With 2005s Flock, Bell X1 broke the mainstream market by delving into the realms of up-tempo synth pop. With Blue Lights on The Runway they've gone further down that road, and, at the risk of sounding like an anti-commercial music snob, not to their advantage. It's not the style that lets them down, per se, but the overly ambitious running times of the tracks here, with most running five, six minutes and above. Lacking the presence or the variation to fill the duration, instead they become repetitive and drag. Single The Great Defector is by far the most appealing of the up-tempo numbers on offer, with its Talking Heads style chorus line and funky guitar, yet even it begins to outstay its welcome towards the end.

Where once biblical, proverbial and pop culture references might have seemed clever, now with constant mention of "Dear Liza", "Tuesday's Child", "Bambi On Ice", "Mr. Wolf", "Guns to Stick to," etc, etc, etc... you wonder if Bell X1 have any original ideas left in them, or indeed, if they ever had. Still, there are some endearing and amusing Irishisms in the wonderful pronunciation of the word "arse" and the grammatically incorrect yet so often used phrase "that'll learn me."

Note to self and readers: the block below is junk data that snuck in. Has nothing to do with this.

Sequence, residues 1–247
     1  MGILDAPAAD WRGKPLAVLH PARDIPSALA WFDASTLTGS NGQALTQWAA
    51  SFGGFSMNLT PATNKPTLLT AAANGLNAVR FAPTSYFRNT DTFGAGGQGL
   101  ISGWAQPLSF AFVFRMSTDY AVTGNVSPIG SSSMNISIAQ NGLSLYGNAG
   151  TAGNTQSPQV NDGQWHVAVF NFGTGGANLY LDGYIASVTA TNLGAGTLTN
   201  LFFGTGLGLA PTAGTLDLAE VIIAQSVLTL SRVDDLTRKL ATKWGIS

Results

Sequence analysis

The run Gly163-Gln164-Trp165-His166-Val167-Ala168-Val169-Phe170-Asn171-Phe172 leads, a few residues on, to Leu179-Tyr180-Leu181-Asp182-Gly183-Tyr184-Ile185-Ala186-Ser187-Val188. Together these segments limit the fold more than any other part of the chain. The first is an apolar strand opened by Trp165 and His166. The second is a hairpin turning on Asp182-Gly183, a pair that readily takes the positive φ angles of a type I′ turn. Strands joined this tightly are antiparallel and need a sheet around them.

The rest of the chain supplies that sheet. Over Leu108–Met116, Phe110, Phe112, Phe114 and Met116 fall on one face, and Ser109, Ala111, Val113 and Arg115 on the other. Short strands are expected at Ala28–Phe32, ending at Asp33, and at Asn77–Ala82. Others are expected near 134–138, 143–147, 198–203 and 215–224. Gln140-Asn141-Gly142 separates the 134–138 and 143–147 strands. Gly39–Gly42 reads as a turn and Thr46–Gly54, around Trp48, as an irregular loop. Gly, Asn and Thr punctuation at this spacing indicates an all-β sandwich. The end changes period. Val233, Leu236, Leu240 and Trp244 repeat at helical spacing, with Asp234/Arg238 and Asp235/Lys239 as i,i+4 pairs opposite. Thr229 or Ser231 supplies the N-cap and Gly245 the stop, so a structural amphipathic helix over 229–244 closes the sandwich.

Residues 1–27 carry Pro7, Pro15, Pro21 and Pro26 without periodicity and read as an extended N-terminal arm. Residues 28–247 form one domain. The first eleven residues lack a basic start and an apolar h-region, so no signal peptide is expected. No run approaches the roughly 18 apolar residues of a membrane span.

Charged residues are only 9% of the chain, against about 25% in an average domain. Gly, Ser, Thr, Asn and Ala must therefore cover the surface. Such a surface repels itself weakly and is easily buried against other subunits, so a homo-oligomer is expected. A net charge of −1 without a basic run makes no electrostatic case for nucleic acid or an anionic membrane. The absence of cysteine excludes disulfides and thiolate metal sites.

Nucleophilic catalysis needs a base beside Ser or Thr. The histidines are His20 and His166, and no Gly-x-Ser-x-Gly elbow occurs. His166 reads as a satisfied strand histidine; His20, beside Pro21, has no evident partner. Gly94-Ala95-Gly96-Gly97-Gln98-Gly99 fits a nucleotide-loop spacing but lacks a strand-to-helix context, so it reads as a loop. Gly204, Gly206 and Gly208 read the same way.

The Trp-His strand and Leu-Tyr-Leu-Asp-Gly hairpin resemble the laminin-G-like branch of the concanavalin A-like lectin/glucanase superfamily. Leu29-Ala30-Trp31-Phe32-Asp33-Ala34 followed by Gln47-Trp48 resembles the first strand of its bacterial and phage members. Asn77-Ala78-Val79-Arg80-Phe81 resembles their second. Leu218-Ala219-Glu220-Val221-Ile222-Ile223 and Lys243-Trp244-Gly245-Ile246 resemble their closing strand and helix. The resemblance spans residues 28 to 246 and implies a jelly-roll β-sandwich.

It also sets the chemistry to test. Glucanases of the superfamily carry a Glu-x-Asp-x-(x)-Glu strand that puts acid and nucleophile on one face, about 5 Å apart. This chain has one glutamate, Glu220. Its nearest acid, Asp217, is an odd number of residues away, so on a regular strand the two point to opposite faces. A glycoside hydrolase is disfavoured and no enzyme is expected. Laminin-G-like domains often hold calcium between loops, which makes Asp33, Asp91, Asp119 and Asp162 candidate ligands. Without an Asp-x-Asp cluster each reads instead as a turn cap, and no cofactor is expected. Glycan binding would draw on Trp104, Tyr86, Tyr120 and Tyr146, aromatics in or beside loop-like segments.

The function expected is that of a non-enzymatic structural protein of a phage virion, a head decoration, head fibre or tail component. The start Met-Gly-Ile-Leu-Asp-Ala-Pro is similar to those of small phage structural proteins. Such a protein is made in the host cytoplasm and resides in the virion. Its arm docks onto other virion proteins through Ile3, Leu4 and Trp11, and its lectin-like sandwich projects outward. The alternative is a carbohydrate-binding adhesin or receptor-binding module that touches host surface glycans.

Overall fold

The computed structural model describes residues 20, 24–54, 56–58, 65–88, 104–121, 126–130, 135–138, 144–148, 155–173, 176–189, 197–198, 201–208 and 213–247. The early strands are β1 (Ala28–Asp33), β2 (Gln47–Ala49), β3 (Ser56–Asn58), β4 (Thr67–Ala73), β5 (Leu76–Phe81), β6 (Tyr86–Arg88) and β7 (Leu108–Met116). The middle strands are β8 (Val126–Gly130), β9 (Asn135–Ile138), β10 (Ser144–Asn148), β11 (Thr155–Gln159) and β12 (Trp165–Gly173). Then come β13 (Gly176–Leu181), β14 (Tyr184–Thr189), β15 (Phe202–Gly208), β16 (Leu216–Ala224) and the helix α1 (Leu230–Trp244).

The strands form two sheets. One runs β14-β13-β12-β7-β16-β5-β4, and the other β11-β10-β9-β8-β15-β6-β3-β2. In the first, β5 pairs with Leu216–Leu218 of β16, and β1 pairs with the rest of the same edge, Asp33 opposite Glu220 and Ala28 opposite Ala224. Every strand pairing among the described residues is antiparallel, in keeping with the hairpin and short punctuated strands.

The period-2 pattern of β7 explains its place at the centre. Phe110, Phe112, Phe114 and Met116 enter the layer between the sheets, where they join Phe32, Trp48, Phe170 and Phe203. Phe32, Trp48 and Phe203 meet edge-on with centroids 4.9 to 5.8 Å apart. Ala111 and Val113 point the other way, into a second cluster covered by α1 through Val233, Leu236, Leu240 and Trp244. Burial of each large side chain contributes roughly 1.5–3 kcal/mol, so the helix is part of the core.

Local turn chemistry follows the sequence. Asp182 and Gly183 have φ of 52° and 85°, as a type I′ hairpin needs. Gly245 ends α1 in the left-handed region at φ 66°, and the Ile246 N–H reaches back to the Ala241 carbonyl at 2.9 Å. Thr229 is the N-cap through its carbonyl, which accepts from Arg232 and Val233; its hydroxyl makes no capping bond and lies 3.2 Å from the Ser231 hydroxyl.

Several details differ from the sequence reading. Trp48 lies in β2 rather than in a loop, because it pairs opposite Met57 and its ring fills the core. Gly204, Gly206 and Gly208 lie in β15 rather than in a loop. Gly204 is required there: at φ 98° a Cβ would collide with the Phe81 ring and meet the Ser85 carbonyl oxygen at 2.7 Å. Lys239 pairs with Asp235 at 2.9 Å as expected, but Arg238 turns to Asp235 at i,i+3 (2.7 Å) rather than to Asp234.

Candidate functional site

It seems a shame to say Bell X1 should stick to what they're good at, that being heartfelt piano led ballads, but Blow Ins is head and shoulders above the other nine tracks here, with its elegantly layered backing vocals and slide guitar harking back to their still magnificent debut Neither Am I. The jazz influenced brass section of closer The Curtains Are Twitching is too little to late, while the distorted guitars of Breastfed serve to remind that Paul Noonan and co. do have a tormented rock edge, albeit shamefully under-demonstrated here. Disappointingly un-engaging.